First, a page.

Gannett is the first newspaper organization to report earnings this year, but the results were not appreciably better than the bleak patterns of 2011.
Print advertising continues to fall — 8.3 percent compared to the same period a year ago. Digital revenues were up, but not nearly enough to make up those losses, the company reported Monday.
Management talked at length about investing in strategic digital initiatives, including paywalls for community papers, a consolidated USA Today digital Sports Media Group and digital marketing services to businesses in Gannett markets, but any big impact is months or years off.
Operating profits were down 47 percent for the publishing division compared to the 2011 period, 24 percent for the entire company. Broadcast, buoyed by political advertising, had a strong quarter with revenues up 7.5 percent and an operating margin of 42.5 percent.
Broadcast now contributes more to profit than publishing, which is five times as big in revenues.
Wall Street was disappointed in the results, sending Gannett shares, which had gained 12 percent so far this year, down 7.5 percent by the market’s close.
Gannett has been pitching investors on its transformation to a multi-media, heavily digital company for several years. In yesterday’s earnings report — and at an investors’ day presentation in late February — Gannett has now started breaking out what it is spending “on investments in strategic initiatives.”
That is not a standard part of quarterly financial reports, but Gannett wants to make the case that with operating profits still healthy, it is allocating significant outlays to new ventures rather than dropping all that money to the bottom line.
In the first quarter, CEO Gracia Martore said, the company spent $20 million of the $65 million planned for this year on the initiatives. USA Today sports and the digital marketing service are now adding 2 percentage points to publishing division profits, she said.
But digital subscriptions, being phased in to the 80 community papers over the course of the year, will not contribute to earnings until the fourth quarter of 2012.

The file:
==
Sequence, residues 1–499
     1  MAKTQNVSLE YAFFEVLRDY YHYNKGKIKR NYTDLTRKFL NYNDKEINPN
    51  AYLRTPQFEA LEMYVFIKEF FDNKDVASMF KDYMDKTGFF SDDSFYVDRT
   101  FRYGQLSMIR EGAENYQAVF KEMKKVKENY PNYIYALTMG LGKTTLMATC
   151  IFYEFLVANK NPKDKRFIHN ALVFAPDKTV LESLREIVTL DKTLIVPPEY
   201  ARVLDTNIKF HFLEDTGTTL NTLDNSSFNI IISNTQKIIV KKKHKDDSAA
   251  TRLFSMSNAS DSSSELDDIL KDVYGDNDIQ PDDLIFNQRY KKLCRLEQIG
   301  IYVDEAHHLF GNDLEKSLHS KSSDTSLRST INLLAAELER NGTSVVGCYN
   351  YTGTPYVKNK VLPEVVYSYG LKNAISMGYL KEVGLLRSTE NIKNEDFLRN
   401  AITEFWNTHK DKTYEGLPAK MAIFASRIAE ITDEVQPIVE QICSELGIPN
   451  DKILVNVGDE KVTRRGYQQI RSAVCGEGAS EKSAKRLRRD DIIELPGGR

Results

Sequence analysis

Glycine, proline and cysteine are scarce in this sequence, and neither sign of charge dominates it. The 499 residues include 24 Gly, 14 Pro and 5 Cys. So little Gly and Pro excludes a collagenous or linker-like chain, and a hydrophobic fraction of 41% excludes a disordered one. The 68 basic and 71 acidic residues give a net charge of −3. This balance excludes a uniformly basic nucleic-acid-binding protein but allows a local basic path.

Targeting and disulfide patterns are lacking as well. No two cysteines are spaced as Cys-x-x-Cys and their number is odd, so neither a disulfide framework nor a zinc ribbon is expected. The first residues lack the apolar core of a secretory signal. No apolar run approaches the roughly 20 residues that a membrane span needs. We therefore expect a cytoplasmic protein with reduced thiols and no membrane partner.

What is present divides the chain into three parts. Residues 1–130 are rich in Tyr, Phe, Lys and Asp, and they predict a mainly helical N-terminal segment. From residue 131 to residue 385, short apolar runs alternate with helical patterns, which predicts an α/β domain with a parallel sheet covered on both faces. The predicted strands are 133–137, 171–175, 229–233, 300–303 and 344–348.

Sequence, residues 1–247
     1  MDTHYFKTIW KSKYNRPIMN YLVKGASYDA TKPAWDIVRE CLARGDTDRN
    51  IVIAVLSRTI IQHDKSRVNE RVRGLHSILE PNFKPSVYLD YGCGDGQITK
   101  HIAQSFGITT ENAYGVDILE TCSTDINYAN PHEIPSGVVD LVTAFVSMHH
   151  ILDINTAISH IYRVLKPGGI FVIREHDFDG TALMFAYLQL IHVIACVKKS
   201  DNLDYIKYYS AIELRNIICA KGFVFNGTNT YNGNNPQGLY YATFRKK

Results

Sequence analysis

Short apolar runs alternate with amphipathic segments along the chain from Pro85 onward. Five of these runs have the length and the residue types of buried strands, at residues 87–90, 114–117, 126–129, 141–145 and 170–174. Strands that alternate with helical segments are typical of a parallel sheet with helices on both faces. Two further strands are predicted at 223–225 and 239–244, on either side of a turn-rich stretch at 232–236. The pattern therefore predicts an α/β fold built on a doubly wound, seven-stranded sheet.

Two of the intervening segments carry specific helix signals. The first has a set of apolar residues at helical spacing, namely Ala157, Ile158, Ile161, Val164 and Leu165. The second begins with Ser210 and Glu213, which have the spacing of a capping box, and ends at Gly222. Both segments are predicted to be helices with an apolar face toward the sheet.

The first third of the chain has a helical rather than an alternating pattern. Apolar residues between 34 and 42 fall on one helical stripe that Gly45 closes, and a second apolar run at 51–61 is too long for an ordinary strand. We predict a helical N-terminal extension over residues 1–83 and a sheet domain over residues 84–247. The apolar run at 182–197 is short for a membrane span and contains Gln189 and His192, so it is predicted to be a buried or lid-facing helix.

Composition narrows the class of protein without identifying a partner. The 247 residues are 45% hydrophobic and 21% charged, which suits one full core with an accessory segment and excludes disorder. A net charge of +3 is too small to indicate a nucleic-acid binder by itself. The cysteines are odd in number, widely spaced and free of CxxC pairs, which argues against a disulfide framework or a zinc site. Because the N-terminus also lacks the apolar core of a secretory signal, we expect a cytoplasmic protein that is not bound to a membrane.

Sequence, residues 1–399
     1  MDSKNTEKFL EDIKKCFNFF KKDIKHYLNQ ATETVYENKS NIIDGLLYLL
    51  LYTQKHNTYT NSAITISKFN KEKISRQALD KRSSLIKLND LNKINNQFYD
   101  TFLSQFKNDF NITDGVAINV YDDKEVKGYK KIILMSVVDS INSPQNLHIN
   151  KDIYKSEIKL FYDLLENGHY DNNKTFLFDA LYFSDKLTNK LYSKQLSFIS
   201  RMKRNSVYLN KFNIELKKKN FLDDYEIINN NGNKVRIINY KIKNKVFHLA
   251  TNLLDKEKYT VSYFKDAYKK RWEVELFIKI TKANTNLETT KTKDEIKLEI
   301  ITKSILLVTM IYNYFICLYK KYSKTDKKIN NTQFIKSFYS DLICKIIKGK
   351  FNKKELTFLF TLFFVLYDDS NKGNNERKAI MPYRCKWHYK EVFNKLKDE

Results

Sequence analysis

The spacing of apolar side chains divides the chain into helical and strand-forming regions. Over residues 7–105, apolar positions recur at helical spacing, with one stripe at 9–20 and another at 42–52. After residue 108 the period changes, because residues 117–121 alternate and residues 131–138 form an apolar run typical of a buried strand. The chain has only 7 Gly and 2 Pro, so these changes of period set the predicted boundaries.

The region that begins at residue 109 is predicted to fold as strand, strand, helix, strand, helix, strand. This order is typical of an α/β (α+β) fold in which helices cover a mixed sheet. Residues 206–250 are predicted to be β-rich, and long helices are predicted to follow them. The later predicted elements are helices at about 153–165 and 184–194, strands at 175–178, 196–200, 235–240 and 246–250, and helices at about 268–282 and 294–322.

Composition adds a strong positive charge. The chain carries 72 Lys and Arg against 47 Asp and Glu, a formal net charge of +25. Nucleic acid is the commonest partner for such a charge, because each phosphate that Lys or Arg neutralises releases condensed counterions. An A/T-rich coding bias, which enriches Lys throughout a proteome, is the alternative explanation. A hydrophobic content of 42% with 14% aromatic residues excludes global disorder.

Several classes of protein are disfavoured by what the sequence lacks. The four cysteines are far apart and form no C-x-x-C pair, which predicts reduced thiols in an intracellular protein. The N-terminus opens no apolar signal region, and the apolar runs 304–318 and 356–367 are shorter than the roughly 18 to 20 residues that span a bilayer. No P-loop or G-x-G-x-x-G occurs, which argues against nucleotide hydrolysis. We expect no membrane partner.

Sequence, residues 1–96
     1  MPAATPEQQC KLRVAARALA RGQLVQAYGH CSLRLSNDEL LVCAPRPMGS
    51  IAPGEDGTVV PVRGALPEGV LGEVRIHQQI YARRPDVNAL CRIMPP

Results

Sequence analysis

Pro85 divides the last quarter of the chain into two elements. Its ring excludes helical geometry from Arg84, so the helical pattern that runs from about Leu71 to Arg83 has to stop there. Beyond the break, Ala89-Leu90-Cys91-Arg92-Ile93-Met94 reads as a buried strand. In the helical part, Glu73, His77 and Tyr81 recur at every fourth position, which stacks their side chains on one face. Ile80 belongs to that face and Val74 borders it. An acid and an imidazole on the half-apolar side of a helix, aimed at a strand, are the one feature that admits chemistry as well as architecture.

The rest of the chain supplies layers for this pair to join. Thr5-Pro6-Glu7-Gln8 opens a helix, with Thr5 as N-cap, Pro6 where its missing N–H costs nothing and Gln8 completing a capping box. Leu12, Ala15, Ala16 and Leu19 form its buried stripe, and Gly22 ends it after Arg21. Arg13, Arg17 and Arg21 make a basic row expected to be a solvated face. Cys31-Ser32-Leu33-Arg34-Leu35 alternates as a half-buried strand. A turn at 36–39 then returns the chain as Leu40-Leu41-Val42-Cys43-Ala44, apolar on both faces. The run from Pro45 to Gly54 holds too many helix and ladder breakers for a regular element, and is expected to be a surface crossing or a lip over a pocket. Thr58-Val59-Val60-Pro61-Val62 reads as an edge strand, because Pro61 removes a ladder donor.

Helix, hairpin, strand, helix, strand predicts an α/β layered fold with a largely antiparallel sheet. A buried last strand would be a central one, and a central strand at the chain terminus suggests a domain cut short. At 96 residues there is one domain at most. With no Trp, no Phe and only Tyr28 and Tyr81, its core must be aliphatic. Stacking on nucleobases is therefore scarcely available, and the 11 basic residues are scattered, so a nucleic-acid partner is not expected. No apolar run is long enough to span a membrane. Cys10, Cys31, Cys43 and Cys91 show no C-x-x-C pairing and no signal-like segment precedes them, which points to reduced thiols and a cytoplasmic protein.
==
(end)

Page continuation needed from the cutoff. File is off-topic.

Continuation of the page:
Gannett projects that the paywalls will contribute $100 million in 2013, and that the whole package of digital investments will generate $1.3 billion in earnings by 2015.
Meanwhile the trends in legacy publishing remain discouraging.
January was a particularly bad month for advertising, Martore said, and national categories (including entertainment and telecom) are especially weak. “The telecom price wars seem to be over,” she said, so the big display ads from five or six competing mobile phone companies are not likely to come back.
This has been a big factor in poor results at USA Today, which Martore said she hopes to improve with the appointment of a new publisher by this fall.
Paid circulation is down 3.5 percent daily and 3.4 percent Sunday, compared to the first quarter of 2011, Martore said, meaning Gannett is not yet stabilizing or growing Sunday as a number of papers are. Single-copy price increases were partly to blame for the declines, she said, and circulation revenues were down only about half as much — 1.8 percent.
On the expense side, newsprint consumption was down 7 percent year-to-year, suggesting that Gannett is printing that much less advertising and roughly that much less news in its papers.
Gannett, the biggest of the newspaper companies, is typically one of the first to report. Its results — especially the decline in print advertising and weakness in national — is likely a bellwether for the other public companies that will follow and for the privately-held part of the industry which does not provide financial details.
Next up this week will be Media General on Wednesday, whose newspaper division is for sale as it sorts out complicated debt restructuring issues. The New York Times will follow, its performance always subject to close attention, especially now that it has built a base of 450,000-plus digital subscriptions.
Digital revenue growth faltered at a number of the companies late last year, so one indicator to watch as the results roll in is whether it is resuming a healthy growth rate so far in 2012.